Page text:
There is also a blog going related to this book (linked below) and it is definitely worth exploring. The curators of this blog also appeared at Comic Con this year and presented a breakout session called “Kirby, Modernism and Abstraction“, comparing the work of legendary comic book creator and artist Jack Kirby to more modern artists like Wassily Kandinsky. I would have loved to have attended that presentation.

abstractcomics.blogspot.com

by Andrei Molotiu

La Vie

July 7, 2012

“La Vie” – 1903

I was lucky enough to get to the UMFA a few years back to see their show “Monet to Picasso”. There were some very nice pieces, but I especially liked the work they had by Cezanne, a piece by Juan Gris, and a Max Ernst. But what really stood out the most for me was Pablo Picasso‘s incredible La Vie. I didn’t expect to see it at all, and to tell you the truth, when I entered and saw it across the room I had to sneak away and leave for a bit and then come back in. It kinda freaked me out seeing that painting there. I imagine the only thing that might have surprised me more was maybe Les Demoiselles, or Guernica, and maybe a couple others.

La Vie is a good representation of Picasso’s Blue Period, which started after his friend Carlos Casagemas committed suicide in 1901. Carlos and Pablo were very close, and Carlos’ very public and very violent suicide left Picasso depressed and feeling guilt. Not that he was responsible in any way, but I imagine its normal to take that on. It didn’t take long for the color blue to overwhelm Picasso’s work, and the subject of his work changed primarily to the poor and downtrodden. Just looking at these pictures, you can  tell it is a very sad time in Picasso’s life.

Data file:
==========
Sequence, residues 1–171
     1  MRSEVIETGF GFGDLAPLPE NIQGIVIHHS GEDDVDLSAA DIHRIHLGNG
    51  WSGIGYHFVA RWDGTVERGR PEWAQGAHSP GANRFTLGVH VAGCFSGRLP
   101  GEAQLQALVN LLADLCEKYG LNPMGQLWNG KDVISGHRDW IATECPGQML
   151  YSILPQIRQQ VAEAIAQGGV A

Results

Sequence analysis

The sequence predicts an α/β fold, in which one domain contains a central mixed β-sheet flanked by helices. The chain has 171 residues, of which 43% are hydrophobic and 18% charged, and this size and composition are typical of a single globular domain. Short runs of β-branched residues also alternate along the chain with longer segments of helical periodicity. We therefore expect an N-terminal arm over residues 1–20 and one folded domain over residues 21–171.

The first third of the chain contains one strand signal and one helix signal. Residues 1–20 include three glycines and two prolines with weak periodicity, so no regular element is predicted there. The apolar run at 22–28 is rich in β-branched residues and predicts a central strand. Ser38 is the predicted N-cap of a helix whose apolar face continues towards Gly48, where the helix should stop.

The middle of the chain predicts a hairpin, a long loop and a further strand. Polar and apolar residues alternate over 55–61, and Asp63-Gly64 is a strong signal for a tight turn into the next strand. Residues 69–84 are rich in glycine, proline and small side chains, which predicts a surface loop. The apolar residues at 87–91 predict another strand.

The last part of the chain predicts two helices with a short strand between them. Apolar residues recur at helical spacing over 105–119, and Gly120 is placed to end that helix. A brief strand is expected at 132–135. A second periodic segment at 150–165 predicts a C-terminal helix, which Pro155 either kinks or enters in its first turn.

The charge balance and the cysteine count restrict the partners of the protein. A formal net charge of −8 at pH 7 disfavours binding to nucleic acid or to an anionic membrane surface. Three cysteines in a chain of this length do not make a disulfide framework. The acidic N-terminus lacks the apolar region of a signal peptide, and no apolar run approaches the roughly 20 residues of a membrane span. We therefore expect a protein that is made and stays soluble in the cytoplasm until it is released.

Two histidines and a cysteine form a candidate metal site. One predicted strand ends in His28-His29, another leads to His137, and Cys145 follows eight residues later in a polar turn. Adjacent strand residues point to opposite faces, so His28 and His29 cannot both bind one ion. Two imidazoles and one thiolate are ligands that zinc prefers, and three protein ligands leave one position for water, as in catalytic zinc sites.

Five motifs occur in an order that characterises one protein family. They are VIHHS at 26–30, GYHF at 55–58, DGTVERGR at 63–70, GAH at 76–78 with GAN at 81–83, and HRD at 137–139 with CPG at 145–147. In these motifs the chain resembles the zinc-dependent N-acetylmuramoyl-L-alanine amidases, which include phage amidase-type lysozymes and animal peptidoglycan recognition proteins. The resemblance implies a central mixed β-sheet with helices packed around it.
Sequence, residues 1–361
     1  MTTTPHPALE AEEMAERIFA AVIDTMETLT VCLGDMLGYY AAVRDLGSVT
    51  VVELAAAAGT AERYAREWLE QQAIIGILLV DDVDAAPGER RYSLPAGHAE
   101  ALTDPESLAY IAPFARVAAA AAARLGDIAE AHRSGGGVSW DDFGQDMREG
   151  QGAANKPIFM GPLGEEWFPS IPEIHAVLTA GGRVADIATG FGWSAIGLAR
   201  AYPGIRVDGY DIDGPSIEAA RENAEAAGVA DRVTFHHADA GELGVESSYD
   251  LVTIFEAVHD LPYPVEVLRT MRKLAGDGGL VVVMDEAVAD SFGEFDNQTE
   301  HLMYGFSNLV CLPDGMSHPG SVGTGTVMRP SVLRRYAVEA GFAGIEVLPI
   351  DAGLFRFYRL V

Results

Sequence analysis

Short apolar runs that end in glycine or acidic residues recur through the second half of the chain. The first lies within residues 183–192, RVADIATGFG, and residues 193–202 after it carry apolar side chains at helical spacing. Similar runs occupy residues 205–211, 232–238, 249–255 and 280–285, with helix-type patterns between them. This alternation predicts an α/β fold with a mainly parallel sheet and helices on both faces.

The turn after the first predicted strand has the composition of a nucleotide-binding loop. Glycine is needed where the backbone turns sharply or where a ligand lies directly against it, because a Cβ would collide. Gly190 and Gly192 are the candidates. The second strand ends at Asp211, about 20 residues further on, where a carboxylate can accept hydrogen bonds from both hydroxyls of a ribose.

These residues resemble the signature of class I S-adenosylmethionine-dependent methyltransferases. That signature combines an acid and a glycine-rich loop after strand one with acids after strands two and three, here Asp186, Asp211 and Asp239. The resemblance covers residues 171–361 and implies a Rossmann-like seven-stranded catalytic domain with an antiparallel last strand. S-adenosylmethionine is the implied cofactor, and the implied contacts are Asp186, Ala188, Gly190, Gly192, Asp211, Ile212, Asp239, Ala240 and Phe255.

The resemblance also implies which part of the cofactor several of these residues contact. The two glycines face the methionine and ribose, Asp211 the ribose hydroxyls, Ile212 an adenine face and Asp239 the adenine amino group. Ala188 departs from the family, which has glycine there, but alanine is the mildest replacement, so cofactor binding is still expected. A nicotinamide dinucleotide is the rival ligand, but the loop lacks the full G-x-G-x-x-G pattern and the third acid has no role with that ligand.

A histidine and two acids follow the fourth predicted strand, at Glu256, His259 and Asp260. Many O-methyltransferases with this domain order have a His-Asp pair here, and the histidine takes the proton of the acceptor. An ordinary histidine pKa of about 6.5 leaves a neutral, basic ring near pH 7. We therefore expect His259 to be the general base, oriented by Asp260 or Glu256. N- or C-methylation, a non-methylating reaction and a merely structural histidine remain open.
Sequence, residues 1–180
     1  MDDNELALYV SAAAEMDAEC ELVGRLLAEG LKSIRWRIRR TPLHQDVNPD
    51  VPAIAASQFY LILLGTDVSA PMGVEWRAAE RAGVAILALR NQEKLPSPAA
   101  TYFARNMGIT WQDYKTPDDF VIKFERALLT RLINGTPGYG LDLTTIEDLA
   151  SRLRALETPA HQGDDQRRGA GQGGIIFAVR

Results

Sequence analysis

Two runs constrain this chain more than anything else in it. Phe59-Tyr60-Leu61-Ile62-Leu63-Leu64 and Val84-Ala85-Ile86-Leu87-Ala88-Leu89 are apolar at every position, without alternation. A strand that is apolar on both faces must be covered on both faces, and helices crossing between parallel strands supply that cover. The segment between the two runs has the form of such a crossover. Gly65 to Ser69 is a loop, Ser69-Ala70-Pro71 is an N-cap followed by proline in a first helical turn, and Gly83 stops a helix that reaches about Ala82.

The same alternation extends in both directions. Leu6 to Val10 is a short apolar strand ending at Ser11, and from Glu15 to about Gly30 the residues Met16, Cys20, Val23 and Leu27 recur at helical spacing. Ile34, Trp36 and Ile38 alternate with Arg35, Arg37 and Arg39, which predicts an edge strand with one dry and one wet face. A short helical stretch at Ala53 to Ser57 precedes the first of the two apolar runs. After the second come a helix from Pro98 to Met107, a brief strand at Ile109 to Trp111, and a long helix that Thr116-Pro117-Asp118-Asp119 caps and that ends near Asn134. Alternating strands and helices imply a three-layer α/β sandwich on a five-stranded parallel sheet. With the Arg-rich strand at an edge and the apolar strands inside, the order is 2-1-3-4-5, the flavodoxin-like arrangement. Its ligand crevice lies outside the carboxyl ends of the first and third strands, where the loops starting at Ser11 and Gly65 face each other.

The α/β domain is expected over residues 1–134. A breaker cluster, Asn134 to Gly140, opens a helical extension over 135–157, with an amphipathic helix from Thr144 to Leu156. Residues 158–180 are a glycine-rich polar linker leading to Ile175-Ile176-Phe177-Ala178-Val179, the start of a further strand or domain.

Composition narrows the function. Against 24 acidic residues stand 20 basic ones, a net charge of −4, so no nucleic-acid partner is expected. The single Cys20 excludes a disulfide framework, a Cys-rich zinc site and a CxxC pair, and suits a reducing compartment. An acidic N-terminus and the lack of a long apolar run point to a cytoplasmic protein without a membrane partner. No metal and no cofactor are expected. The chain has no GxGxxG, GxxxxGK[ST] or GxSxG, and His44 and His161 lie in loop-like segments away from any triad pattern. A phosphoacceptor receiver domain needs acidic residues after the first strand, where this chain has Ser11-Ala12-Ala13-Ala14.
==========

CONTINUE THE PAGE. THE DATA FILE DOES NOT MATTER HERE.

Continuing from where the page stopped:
I came across a reproduction of La Vie recently, and I guess that is what has me thinking about it. That and Anna’s last post. Plus, I could look at Picasso’s work all damn day and never get tired of it. I hope to see the painting again, maybe I’ll bump into it somewhere soon and be surprised all over again.

Pablo Picasso Was Never Called an Asshole

July 5, 2012

Only a 22-year-old would think it was cool to spray paint a Picasso. video.today.msnbc.msn.com

I hope they catch this up and coming artist! Someone should have told him “Pablo Picasso was never called an asshole!

www.youtube.com/watch?v=Sl8sWnUZVL4

Alt Press Festival

July 3, 2012

Image

The Alt Press Festival is coming up on July 7th. It’s held at the Main Library from 3 p.m. to 9 p.m. Don’t miss this celebration of locally made books and ‘zines. My pal, Travis Gray is joining the festival for the first time with some tiny books for kids. Our friends Isha and Raffi will also perform, rounding out the festival with music. Don’t miss it!

Begin it now

July 1, 2012

“Goethe” by Andy Warhol

Sometimes, when feeling discouraged or frustrated, it is necessary to hear someone else’s story or read encouraging words. I subscribe to Audible.com and on a whim I picked up the excellent book, the War of Art by Steven Pressfield. In his book, Pressfield quotes W. H. Murray, who is in turn quoting Goethe. I really like what they all had to say, and I need to remember it and move some projects and goals forward. I also like that there was so much quoting going on!

“Until one is committed there is hesitancy, the chance to draw back, always ineffectiveness. Concerning all acts of initiative there is one elementary truth, the ignorance of which kills countless ideas and endless plans. That the moment one definitely commits oneself then providence moves too. All sorts of things occur to help one that would never have otherwise occurred. A whole stream of events issue from the decision, raising in one’s favour all manner of unforeseen incidents, and meetings and material assistance which no man could have dreamed would come his way.  I learned a deep respect for one of Goethe’s couplets:

‘Whatever you can do, or dream you can, begin it.
Boldness has genius, power and magic in it.’”

W. H. Murray